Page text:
Venezuela has received this year's first cargo of the Iranian condensate that has proven critical to its crude production recovery.
Data from analytics firm Vortexa show the very large crude carrier (VLCC) Starla, owned by Iranian state-controlled NITC, discharged roughly 2mn bl of condensate at Venezuela's Jose terminal on 28-29 January. This follows at least three 1.85mn-2mn bl shipments in 2021, largely in September and mid-November, according to Vortexa.
The cargoes are part of a swap deal: Iranian condensate for Venezuelan heavy crude. State-owned PdV uses the condensate to dilute and upgrade extra-heavy crude from the Orinoco belt into exportable volumes and this, along with using part of local refinery yields to do the same, enabled Caracas to sharply bolster crude production in the fourth quarter of last year. Output jumped by 230,000 b/d — or 44pc — from 520,000 b/d in September to a 22-month high of 750,000 b/d in December, according to an Argus survey.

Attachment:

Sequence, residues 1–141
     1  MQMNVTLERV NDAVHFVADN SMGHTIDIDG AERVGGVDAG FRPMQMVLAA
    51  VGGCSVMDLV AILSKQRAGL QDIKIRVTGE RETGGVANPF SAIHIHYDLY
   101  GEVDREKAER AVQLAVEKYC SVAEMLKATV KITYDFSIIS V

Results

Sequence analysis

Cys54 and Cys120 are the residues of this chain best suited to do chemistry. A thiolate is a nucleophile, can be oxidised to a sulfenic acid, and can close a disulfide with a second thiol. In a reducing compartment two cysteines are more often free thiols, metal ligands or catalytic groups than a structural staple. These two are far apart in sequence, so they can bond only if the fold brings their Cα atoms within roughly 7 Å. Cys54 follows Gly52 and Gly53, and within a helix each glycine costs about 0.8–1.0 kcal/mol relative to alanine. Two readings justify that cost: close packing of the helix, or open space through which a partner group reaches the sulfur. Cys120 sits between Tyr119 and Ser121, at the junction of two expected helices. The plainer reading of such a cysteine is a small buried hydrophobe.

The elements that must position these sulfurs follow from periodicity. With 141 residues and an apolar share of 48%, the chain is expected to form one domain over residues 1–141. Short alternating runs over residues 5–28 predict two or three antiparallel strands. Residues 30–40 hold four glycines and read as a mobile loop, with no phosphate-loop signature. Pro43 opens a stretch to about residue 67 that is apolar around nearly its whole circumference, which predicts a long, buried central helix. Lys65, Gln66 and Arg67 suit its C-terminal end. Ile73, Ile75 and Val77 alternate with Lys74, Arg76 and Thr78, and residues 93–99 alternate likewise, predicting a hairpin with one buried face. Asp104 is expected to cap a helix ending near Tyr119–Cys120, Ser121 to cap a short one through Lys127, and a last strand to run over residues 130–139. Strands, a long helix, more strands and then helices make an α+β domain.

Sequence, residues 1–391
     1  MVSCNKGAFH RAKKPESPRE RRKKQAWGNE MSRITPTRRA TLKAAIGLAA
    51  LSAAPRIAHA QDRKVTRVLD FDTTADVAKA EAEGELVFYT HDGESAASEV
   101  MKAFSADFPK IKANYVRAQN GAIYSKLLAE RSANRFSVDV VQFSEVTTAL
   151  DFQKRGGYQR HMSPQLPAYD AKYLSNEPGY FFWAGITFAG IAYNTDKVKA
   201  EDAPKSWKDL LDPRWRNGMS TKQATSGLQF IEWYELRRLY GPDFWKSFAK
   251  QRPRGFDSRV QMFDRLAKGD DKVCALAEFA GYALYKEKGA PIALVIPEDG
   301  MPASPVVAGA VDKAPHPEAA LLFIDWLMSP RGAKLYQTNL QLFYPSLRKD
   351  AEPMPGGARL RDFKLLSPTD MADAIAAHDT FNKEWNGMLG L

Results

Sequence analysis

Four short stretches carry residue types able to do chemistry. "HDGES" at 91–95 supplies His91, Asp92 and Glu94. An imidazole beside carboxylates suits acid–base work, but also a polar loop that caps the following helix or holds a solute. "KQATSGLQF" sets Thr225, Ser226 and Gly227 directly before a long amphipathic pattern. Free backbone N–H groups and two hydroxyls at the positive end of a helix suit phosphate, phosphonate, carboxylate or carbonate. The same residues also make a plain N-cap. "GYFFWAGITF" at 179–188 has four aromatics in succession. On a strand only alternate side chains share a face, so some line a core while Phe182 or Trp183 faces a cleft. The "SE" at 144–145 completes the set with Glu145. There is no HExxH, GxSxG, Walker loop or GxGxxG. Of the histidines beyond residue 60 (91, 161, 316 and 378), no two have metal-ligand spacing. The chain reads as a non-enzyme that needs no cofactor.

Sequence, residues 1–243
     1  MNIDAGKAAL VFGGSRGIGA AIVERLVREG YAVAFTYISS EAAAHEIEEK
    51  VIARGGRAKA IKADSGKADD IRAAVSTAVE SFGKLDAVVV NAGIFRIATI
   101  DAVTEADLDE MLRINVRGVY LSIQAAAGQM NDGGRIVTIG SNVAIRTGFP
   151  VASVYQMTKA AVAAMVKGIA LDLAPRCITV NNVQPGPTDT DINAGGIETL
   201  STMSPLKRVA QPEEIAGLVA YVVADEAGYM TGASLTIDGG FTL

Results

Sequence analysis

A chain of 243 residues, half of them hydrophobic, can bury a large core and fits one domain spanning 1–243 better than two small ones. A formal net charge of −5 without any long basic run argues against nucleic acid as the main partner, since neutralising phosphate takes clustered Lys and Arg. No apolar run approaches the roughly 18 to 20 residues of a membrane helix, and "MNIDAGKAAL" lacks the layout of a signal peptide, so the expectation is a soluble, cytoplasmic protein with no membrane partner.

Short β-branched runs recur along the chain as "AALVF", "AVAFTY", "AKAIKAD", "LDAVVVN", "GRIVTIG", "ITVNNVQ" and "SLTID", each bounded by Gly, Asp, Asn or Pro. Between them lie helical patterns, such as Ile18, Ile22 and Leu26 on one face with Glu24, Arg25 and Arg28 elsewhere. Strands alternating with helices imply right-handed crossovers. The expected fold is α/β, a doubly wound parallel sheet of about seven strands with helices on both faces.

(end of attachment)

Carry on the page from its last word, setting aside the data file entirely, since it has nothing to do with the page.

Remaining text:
The swap agreement benefits Iran's attempts to offload a glut of condensate it has accrued in NITC-hosted floating storage.
Venezuela and Iran have seen their crude output choked by US commercial sanctions, and send what they can to China on tankers that turn off transponders.
The prospects of an increase in Iranian production depends on the ongoing diplomatic negotiations in Vienna that could ease US sanctions. A senior US official says talks have progressed into the "final stretch," although there is no guarantee of success]